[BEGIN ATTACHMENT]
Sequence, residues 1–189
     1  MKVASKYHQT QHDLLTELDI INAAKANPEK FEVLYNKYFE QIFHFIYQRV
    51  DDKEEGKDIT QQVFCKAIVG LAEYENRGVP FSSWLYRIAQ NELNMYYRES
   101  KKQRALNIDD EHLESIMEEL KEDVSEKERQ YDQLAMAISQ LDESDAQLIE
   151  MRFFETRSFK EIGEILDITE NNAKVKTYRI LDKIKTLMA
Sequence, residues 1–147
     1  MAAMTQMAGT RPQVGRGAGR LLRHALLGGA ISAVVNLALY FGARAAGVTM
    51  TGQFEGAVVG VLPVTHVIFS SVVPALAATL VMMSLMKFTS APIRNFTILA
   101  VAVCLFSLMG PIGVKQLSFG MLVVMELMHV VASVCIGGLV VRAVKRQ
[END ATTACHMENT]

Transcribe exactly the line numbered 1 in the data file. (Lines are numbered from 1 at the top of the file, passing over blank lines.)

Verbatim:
Sequence, residues 1–189